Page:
Yesterday we visited a Science and Engineering Expo with our children. I have three very curious, inquisitive daughters who just happen to be the offspring of one chemical engineer and one former 7th grade science teacher. Yes, our house is usually brewing with some sort of scientific experiment or nature study. We like to observe and infer and draw conclusions around here. It’s the way we roll.
Yet, as a mother of three daughters, I know that the career path of a scientist isn’t always an easy one for women. I’m old enough to remember the nonsense studies about males being stronger in math and science then females. I am an educator, a teacher of science,and I could give you a hundred reasons why we thought males were better at math and science, but they wouldn’t be valid. So as a mother of three bright females, who have the world at their doorstep, I can’t help but be thankful for many of the amazing females who have helped paved the way in science . Marie Curie is one of them.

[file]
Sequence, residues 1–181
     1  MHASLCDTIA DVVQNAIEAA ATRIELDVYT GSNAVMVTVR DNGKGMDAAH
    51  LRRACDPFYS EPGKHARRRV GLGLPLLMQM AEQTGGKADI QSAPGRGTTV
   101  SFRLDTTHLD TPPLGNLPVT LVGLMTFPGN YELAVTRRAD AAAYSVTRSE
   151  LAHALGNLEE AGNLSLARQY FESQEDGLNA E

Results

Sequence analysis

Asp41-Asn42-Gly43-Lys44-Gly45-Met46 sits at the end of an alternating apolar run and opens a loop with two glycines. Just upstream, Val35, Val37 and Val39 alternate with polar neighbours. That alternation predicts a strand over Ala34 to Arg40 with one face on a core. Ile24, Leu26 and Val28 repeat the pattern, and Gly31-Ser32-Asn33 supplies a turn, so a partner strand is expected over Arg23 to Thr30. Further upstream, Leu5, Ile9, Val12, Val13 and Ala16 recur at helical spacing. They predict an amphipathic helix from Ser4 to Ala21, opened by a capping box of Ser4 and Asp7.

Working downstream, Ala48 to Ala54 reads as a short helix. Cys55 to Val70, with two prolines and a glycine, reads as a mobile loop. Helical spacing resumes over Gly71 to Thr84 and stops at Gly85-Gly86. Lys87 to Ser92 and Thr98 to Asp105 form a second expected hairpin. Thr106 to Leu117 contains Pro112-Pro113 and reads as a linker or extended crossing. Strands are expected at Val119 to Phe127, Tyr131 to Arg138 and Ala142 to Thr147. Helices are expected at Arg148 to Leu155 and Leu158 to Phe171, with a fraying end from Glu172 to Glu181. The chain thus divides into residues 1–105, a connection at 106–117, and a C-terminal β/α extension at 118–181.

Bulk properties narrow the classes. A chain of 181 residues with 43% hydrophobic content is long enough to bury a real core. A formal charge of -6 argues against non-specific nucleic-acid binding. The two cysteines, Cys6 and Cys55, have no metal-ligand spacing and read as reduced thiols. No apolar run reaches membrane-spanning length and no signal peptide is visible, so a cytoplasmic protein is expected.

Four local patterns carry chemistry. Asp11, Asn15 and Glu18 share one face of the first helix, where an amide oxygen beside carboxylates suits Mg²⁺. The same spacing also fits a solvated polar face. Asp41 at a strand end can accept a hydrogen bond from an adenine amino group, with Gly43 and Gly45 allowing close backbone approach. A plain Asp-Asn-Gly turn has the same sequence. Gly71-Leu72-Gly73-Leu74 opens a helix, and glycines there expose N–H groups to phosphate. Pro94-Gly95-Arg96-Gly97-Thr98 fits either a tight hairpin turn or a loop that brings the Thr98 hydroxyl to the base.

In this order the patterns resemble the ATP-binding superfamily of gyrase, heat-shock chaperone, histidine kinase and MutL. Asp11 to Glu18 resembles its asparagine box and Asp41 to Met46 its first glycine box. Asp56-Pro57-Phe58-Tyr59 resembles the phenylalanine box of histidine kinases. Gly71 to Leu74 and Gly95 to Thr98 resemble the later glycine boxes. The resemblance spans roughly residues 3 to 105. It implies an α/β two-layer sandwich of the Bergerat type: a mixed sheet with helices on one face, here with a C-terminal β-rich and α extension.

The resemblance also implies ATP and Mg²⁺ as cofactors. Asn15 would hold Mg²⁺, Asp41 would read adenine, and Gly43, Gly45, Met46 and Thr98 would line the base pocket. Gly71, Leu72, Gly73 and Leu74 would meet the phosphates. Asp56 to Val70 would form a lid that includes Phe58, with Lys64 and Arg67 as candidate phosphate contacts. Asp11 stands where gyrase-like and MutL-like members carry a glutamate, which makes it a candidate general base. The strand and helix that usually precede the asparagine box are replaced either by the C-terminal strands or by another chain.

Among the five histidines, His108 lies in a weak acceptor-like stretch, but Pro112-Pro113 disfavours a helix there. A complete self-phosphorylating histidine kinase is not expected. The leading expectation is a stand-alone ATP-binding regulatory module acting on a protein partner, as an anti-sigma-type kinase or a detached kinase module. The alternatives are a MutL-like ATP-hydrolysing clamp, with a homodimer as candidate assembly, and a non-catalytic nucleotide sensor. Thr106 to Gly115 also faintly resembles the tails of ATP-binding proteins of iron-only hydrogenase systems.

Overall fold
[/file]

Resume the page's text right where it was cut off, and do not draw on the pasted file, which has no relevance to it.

She was born 144 years ago today. She managed to marry, win two Noble Peace prizes, and raise two daughters. Imagine that. She also faced adversity, being a women in the science field in the late 1800’s and and early 1900’s. She was a woman who followed her dreams and passions. A woman I want my daughters to know more about.
I found this link, which is an easy read for children. Google is also celebrating her today with this:
Happy Birthday Madame Curie, thanks for following your passions and leading many others to their dreams with your example!
Have you ever been told you couldn’t do something because you were too short, not smart enough, etc., but did it anyway?